I have been implementing a finite state machine which basically ensures configuration of the external chip which communicates with my MCU via I2C. The skeleton of the configuration state machine looks like this:

enter image description here

Whereas the Configure Register N states are state machines in their own. It is pretty simple state diagram but there is one complication. The chip can asynchronously generate a "fault" event which is signalized via assertion of the "fault" pin. State of the fault pin is read with the same period with which the state machine is executed. Service of the fault pin activation is based on another state machine. So the basic state diagram incorporating the fault pin activation service looks like this:

enter image description here

At first glance there are several repeating patterns in the state diagram. At first the state diagram for the register configuration and secondly the state diagram for fault pin activation handling. I would like to exploit these patterns and avoid of repeating the same code at several places. Can anybody suggest me any solution?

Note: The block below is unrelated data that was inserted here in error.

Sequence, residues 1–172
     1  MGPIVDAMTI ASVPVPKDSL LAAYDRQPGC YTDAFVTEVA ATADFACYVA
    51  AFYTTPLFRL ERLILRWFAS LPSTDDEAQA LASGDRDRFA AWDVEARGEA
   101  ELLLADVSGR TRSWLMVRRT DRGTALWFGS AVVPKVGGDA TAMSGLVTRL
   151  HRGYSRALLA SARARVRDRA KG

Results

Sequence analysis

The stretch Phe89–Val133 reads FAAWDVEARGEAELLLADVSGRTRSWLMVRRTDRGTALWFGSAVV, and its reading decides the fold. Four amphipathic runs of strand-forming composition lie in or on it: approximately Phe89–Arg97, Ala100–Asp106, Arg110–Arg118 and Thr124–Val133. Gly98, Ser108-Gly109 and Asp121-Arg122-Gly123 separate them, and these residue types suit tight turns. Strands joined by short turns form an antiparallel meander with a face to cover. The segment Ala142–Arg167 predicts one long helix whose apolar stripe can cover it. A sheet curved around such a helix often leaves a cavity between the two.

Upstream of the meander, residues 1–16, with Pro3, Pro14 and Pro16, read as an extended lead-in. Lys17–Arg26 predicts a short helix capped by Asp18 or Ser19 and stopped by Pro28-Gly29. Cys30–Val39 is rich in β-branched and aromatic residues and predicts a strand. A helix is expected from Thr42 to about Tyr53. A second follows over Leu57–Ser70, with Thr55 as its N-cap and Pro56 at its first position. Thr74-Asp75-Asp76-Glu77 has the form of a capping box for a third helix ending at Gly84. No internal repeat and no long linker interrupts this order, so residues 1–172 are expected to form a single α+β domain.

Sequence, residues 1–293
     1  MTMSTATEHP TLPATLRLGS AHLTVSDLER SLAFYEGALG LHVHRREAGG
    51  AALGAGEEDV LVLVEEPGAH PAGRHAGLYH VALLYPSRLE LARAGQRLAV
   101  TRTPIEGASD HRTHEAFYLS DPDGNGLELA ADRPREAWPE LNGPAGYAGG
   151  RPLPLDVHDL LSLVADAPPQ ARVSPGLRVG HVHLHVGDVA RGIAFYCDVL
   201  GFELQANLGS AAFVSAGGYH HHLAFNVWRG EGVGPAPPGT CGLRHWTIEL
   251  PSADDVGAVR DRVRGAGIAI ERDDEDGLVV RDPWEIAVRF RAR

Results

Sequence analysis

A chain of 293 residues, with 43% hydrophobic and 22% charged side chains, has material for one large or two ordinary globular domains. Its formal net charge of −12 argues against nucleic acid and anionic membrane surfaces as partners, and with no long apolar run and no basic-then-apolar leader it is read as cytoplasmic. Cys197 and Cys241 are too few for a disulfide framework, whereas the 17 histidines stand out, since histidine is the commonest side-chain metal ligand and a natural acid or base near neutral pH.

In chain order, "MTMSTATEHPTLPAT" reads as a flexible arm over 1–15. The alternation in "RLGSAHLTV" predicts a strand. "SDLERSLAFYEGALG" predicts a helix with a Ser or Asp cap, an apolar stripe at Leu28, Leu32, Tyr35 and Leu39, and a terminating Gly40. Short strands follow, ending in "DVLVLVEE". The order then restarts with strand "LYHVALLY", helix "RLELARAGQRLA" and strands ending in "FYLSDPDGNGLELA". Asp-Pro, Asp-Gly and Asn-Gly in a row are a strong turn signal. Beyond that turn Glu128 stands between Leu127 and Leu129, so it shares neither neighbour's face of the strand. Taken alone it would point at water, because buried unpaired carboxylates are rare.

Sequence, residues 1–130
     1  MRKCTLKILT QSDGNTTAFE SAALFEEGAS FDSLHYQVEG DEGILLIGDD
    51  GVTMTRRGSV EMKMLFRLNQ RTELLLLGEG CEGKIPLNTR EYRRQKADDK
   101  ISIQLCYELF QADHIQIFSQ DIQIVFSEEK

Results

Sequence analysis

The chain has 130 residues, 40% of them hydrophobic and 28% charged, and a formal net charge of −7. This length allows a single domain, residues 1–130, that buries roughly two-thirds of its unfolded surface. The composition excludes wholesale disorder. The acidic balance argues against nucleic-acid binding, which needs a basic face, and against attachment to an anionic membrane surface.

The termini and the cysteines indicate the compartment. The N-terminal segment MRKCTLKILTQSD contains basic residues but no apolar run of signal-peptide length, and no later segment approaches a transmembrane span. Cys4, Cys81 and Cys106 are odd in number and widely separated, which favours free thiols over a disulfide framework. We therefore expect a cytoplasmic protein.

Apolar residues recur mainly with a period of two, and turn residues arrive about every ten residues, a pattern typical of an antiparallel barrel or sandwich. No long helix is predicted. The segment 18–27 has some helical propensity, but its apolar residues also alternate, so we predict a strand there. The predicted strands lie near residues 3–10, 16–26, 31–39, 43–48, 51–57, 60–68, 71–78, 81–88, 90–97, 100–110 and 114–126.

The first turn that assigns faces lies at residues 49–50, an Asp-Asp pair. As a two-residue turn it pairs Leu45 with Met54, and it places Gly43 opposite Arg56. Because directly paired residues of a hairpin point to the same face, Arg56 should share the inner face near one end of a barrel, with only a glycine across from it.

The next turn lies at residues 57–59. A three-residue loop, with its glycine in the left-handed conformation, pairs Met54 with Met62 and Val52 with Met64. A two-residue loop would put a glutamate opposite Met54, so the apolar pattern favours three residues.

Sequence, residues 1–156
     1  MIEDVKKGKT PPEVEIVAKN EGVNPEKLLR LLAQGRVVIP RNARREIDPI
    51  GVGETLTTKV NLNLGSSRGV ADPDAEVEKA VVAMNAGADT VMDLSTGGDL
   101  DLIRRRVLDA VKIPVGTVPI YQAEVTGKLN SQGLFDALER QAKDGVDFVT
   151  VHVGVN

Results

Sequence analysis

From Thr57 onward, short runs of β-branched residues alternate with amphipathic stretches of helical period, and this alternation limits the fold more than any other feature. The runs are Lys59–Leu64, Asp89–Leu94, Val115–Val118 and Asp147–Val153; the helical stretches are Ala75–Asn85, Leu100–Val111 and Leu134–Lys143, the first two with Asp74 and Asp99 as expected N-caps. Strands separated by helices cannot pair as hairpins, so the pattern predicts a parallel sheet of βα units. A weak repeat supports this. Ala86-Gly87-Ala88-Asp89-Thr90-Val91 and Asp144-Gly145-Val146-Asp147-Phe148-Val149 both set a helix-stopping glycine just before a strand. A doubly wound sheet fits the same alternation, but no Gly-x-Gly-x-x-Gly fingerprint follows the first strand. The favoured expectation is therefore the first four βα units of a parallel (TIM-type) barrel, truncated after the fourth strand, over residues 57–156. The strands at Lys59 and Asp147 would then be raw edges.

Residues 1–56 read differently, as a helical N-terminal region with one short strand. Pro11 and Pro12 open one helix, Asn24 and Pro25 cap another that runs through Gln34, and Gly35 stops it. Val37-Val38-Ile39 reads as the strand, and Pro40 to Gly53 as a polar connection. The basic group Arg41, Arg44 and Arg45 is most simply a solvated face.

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    Don't try to fit everything into one big FSM. Use FSMs for the parts where using FSMs make things simpler. You can have more than one. Commented Feb 17, 2021 at 12:12

1 Answer 1


If repeating configuring a register after a fault was asserted is not a problem for the remote device, then you can use a nested state-machine with a History pseudo-state, like this

State diagram with history

The arrow from the history state indicates which state will become active if there is no history, otherwise the last active sub-state gets re-activated.

If all the "Configure register N" state machines are actually identical and the only difference is in which data gets transferred, then you could also use a single state machine for all registers and invoke that repeatedly with different data, like this:

State diagram with loop

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